Now one of the fastest growing industries, legal gambling already attracts more customers than baseball games or the movies. Most people see internet gambling as a recreational and leisure activity. However, for other people internet gambling can become a trap. It can gradually, or sometimes quickly, become the only thing important. All of an individual’s resources and interests become focused on the next chance to gamble on the Internet. While the vast majority of those who participate in gambling do not experience problems, a small percentage of individuals do experience some problems with gambling. Studies have indicated that approximately 5% of the population experience current problems with gambling (Kossman, 2006). There are both positive and negative sides of internet gambling. For some persons at-home gambling also avoids discomfort about the wagering procedures at places such as blackjack tables with many eyes, most especially those of the dealer, focused on your movements. These advantages of gambling by means of a computer also can be regarded as negatives.  Gambling in your own home can be a lonesome enterprise, the travel and the glitz of the casino world can be exhilarating, and the multitude of other customers at the betting venues can provide an assurance that one is participating in an exciting and respectable enterprise. These assets and debits of Internet gambling vis-à-vis brick-and-mortar gambling sites cannot readily be assayed in order to claim which of the two arrangements is “better.”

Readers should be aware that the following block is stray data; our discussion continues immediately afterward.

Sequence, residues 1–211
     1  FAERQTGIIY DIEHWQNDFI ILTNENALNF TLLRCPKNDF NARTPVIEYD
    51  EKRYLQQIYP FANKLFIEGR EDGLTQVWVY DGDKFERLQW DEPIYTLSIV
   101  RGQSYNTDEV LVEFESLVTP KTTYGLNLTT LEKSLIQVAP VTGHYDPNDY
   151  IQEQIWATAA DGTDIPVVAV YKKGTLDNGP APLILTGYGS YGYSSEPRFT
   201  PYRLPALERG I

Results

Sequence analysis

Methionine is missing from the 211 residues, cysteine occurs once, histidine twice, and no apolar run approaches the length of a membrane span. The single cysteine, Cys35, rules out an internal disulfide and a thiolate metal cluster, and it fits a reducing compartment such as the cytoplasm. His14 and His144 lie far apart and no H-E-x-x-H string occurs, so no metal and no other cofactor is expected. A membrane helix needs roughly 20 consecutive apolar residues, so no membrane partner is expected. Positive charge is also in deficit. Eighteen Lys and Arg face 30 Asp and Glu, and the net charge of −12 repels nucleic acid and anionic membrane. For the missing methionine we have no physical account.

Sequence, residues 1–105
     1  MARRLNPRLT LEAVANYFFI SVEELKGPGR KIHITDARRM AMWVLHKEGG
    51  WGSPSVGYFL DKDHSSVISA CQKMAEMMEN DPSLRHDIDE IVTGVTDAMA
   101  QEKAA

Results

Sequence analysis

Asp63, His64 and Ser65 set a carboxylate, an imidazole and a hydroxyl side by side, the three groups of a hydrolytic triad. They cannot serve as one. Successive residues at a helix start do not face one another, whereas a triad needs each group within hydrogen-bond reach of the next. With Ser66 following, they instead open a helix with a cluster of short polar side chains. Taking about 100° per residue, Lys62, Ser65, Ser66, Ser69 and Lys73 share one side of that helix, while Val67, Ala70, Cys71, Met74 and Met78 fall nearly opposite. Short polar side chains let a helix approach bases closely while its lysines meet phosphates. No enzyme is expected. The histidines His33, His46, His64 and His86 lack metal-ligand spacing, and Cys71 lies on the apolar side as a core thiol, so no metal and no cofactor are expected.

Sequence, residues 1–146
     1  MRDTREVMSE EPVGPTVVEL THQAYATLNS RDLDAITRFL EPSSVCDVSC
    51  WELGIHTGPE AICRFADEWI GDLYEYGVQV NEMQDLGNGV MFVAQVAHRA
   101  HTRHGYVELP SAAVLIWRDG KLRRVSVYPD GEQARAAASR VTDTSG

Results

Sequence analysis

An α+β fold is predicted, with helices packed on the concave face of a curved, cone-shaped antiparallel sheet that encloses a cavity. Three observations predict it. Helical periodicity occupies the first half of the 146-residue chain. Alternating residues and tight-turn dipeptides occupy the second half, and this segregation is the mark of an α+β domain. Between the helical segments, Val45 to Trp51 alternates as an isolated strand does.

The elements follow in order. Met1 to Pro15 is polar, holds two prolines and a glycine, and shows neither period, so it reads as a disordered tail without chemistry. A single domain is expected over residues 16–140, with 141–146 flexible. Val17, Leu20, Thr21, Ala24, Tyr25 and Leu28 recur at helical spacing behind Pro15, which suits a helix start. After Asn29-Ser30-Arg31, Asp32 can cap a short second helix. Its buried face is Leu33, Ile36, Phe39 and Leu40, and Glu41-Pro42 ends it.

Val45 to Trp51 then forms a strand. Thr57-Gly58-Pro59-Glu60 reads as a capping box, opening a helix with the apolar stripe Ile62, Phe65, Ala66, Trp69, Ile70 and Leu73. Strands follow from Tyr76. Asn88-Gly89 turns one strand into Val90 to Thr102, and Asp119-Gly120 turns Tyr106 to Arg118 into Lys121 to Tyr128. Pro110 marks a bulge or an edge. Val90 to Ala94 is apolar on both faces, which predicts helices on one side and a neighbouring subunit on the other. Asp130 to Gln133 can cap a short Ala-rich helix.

Internet gambling contains many ingredients that characterize the outsourcing of manufacturing from a rich country, where wages and other costs tend to be high, to a poorer nation where the skill of workers is equivalent to that of the domestic labor force but where such workers command lower wages - in part because their cost of living is less than that of the country exporting the services.  Outsourcing makes sense in a capitalist economy.  In regard to Internet gambling it introduces moral and criminal elements that provide leverage for the exporting country to seek an interdict for the activity and to retain domestically whatever sums might otherwise move overseas.